MONTREAL — This year’s Montreal Israel Film Festival (MIFF) offers a mix of internationally recognized films and those the country’s filmmakers hope will soon be similarly recognized, says MIFF director and founder Eran Bester.
All of these recent feature films provide insight into the diversity and complexity of life in Israel, he added.
The eighth edition will be held from April 29 to May 7 at the AMC Forum Cinema downtown and the Guzzo Méga-Plexe Sphèretech in St. Laurent. All films are in Hebrew with English subtitles.
The lineup includes films that have received Academy Award nominations or been acclaimed at the Cannes, Berlin, Toronto or Sundance film festivals.
The others are, in Bester’s opinion, “lesser known but equally stunning gems” that have done well in Israel, both among the public and critics. There are three Canadian and one Montreal premiere.
At the opening night, Israeli Guy Nattiv and Montrealer Philippe Lavalette will be on hand to present their film The Flood at the AMC on April 29 at 8:30 p.m.
Director Nattiv, who has received more than 20 awards worldwide including best short at the Sundance Film Festival in 2008, will discuss the making of The Flood, while Lavalette, the director of photography, who earned a Caméra d’Or nomination at Cannes, the award for best cinematography at Toronto’s HotDocs, as well as numerous Gemini awards and nominations, will offer his perspective on working in Israel.
The Flood (awarded best supporting actor at the 2010 Israeli Film Academy Awards and a special mention at the 2011 Berlin International Film Festival) is an unusual coming-of-age tale. A boy struggles with bullies, an estranged autistic brother and an unstable family. It features original music by Quebec musician Patrick Watson.
Nattiv will also be in attendance at a second screening on April 30. The Flood will open in local theatres for a general run on May 4.
Most notable is Joseph Cedar’s Footnote, which won the award for best screenplay at Cannes this year and was nominated for best foreign-language film at the 2011 Academy Awards. This is the story of relentless academic competition, and a complicated father-son relationship marked by admiration and envy.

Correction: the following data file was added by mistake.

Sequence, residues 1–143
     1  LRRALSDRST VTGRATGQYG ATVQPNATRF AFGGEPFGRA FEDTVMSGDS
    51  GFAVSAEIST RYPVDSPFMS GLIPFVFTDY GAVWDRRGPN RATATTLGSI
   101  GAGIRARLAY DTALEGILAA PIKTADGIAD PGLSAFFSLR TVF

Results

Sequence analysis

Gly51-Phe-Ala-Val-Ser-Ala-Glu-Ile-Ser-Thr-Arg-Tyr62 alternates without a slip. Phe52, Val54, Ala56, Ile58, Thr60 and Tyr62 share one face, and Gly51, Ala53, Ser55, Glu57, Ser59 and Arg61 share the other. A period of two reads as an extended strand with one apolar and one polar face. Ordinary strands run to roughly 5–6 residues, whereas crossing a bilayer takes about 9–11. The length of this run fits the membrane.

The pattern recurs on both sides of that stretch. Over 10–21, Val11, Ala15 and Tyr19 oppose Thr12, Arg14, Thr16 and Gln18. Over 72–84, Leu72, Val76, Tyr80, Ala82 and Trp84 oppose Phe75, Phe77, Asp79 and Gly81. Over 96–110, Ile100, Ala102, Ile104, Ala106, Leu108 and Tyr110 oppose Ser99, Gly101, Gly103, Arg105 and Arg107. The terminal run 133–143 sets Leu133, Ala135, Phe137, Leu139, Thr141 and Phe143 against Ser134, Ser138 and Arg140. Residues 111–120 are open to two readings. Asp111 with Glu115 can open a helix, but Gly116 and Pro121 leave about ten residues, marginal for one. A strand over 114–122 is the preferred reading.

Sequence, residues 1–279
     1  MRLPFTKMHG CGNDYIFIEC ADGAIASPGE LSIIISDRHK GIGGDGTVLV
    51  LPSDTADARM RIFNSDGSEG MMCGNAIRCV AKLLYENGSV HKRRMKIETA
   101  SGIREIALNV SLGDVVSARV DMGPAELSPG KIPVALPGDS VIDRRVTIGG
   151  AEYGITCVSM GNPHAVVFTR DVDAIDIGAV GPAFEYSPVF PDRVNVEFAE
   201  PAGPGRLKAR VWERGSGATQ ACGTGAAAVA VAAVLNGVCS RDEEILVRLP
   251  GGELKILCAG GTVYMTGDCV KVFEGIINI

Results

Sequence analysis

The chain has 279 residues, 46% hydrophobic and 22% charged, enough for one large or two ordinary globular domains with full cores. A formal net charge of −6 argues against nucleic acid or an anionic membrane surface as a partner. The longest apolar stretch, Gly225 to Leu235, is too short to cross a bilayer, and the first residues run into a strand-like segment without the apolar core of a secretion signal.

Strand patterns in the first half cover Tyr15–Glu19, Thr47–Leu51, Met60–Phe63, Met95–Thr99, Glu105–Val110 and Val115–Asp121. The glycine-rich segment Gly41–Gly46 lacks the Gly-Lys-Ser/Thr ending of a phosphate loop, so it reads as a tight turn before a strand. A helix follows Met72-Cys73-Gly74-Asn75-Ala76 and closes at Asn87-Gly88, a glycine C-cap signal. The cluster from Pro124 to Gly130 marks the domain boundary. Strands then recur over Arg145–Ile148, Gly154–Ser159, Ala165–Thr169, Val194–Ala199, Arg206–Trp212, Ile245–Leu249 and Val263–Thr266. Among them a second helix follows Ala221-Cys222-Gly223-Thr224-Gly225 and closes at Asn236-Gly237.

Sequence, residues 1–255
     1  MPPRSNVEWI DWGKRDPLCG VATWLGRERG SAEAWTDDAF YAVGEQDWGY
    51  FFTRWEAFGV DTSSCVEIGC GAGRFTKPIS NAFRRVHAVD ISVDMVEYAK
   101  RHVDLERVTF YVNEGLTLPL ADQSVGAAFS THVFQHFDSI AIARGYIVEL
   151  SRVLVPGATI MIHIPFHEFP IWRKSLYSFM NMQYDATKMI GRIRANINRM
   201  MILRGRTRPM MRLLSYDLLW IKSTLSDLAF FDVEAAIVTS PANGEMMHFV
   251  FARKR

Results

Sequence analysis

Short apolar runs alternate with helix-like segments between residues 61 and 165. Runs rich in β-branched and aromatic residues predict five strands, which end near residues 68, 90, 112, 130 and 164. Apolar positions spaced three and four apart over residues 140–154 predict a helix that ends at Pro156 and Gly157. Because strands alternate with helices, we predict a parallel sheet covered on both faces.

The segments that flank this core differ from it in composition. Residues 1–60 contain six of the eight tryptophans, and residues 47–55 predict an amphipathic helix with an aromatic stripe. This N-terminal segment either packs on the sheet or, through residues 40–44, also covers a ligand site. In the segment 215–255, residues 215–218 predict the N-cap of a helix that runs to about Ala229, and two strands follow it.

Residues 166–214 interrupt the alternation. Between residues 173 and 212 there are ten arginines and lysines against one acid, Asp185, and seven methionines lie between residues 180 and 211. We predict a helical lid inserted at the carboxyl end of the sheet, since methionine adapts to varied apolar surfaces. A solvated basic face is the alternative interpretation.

Another distinguished film is Restoration by Yossi Madmoni, a gripping tale about a family’s struggle to save their business and stay intact themselves. Among other accolades, it received 11 nominations at the Israeli Film Academy Awards, four wins at the Jerusalem Film Festival, claimed the world-cinema screenwriting award at the 2011 Sundance and was an official selection at the Toronto International Film Festival this year.
Marco Carmel’s My Lovely Sister, one of the hidden gems, is a passionate story involving a superstitious woman, her rude husband, and the ghost of her sister, who died from the pain of banishment when she followed her heart and chose to live with her Arab lover.
The film, which paints a tender portrait of the North African community, has claimed 10 nominations, as well as the titles for best actress and best supporting actress, at this year’s Israeli Oscars.
Renowned Israeli director Eran Riklis returns with Playoff, an inspirational sports drama based on the life of legendary Israeli basketball coach Max Stoller, a World War II refugee.
The film follows his decision to turn the hopeless West German national team into Olympic contenders. Despite public outrage in Israel – his mother calls him a traitor – and great resistance from the players, he finally confronts his past, which he discovers was based on lies, and becomes a symbol of personal victory.
My Australia takes place in mid-1960s Poland, where the 10-year old protagonist and his brother join an antisemitic street gang. When the boys are arrested for beating up Jewish children, their mother decides to take the family to Israel.
The brothers struggle to accept their new surroundings, the shocking truths about their family history, and the chilling fact that their mother is a Holocaust survivor.
Winner of the audience award at the 2011 Jerusalem Film Festival, My Australia rings with a certain authenticity because writer-director Ami Drozd was a young immigrant to Israel from Poland.
Inspired by the shock filmmaker Doron Eran felt following the brutal murders at the Tel Aviv Gay, Lesbian, Bisexual and Transgender Youth Center in 2009, Melting Away is the first Israeli feature film to deal with the topic of parents and transgendered children.
Chen Yanni, who received a nomination for best actress at the 2011 Israeli Oscars, plays the lead role of a mysterious nurse who wins over a hospitalized man dying of cancer. The film explores their relationship and the question of whether he realizes this nurse is the son that he long ago drove away from home.
For tickets, phone 514-937-2332 or visit www.israelfilmfestival.ca. Admission is free for students with valid ID, subject to availability, five minutes before each screening.